Ryan Faas is a technology journalist and author who has been writing about Apple, business, enterprise IT topics, and the mobile industry for over a decade. He also spent a large portion of the past 15 years in the systems/network engineering and IT management fields as an IT director and systems administrator. He’s worked for MTV Networks as well as being a former Apple Genius. Today, he is also a Contributing Writer for Computerworld. We chatted about how he became such an expert in enterprise matters as well as knowledgeable in multiple OSes. He told me why the wireless carriers decline to push Android updates as often as Apple, and he filled me in on what really going on with macOS Server. Finally, Ryan also predicted when Apple will go to ARM processors in the Mac.
I am not so pleased to report that a venerable, distinguished member of the technical journalist community has left us: Charles W. Moore. The link below has the story of his work, achievements and battle with illness. I am, however, pleased to say that I had the honor of working with him at Applelinks as well as MacOpinion [both now defunct] in the late 1990s. I remember Charles as an exceptionally hard worker and an incredible champion of all things Apple. He always amazed me. And he continued to do amazing work after that. He will be missed. [Photo credit: Elizabeth Sheppard.]
Those who have an iPhone X have little incentive to upgrade to an iPhone XS. But the iPhone XS Max appears to be a winner. At least until pre-orders start for the iPhone XR.
Many an Apple customer, and maybe even Apple itself, dreams of making the Apple Watch independent of the iPhone someday. But it won’t happen any time soon.
“The Dharma Planet Survey, in a new study led by University of Florida (UF) astronomer Jian Ge and team including Tennessee State University (TSU) astronomers Matthew Muterspaugh and Gregory Henry, has shown that science fiction may be a little less so; the Dharma project has discovered what may be Star Trek’s famed planet Vulcan.” Or something close to it. Concept image via UF.
So you’re getting a new iPhone soon. And maybe a new Apple Watch as well. Getting your devices properly set up can be confusing, so John has put together a new iPhone and new Apple Watch set up guide to make sure everything goes smoothly.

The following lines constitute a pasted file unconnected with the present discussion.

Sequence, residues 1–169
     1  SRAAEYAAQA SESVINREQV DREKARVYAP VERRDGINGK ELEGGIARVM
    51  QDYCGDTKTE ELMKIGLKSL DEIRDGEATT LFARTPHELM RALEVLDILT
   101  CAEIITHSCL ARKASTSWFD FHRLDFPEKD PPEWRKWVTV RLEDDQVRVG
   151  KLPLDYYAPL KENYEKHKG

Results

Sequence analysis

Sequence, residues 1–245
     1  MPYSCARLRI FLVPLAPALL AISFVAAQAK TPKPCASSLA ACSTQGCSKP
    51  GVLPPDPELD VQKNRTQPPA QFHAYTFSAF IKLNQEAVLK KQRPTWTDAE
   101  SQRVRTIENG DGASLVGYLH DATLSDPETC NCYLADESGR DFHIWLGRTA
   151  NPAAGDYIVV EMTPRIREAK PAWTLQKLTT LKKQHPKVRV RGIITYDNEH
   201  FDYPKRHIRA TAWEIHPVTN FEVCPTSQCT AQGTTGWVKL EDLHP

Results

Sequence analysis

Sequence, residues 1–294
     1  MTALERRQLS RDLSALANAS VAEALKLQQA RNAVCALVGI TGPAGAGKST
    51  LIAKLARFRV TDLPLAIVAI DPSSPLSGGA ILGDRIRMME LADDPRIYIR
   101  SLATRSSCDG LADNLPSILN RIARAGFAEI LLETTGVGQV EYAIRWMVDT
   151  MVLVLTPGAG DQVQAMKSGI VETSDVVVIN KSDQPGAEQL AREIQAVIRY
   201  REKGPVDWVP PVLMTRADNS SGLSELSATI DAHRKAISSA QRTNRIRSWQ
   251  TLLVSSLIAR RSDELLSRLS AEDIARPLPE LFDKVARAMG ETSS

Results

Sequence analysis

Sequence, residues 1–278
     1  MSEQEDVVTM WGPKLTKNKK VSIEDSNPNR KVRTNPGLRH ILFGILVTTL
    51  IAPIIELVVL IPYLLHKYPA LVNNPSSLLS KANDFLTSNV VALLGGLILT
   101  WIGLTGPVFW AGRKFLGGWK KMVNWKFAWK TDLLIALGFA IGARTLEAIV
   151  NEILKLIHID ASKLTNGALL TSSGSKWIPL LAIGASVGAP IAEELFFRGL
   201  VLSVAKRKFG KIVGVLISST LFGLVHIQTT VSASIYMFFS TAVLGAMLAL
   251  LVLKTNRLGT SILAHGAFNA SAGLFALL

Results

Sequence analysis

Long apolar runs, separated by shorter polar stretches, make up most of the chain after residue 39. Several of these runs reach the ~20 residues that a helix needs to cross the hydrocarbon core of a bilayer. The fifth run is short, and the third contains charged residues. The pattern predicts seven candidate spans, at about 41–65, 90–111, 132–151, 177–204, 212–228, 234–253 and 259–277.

“Exoplanets are planets that lie beyond our own solar system.” Thousands have been discovered to date, in our galaxy, by various means. However because they are so far away, many light years, no telescope can (yet) image them well. Even so, it’s possible to deduce certain general properties. Here are 10 of the strangest— descriptions along with artist illustrations to spark our imaginations.
The Apple Watch Series 4 appears to have tapped into an emerging cultural theme. And it will accelerate. John explains the significance.
Victor Cajiao was born in Havana, Cuba, grew up in the U.S. and became well known in the Apple world for several different podcasts. He’s an Apple tech geek as well as a musician (saxophone) and hobby photographer. Victor told me the story about how he came to the U.S. via a special initiative started by President Kennedy. The fascinating story continues as he eventually worked his way into a job with AT&T rising to the level of IT Technical Director. He also told me the story about how he fell in love with the Mac and then launched his podcast, The Typical Mac User. Victor recently retired from AT&T after 26 years and now travels the U.S. in his Airstream trailer. Recently, he’s been sighted at Macstock, doing terrific demos of Mac technologies.
Security Week/AP writes: “New privacy features in Apple’s Safari browser seek to make it tougher for companies such as Facebook to track you.” This is a short, very readable summary of how Apple’s Safari is evolving to better protect your privacy. “The changes come Tuesday as part of the iOS 12 update for iPhones and iPads and a week later in the Mojave update for Mac computers.”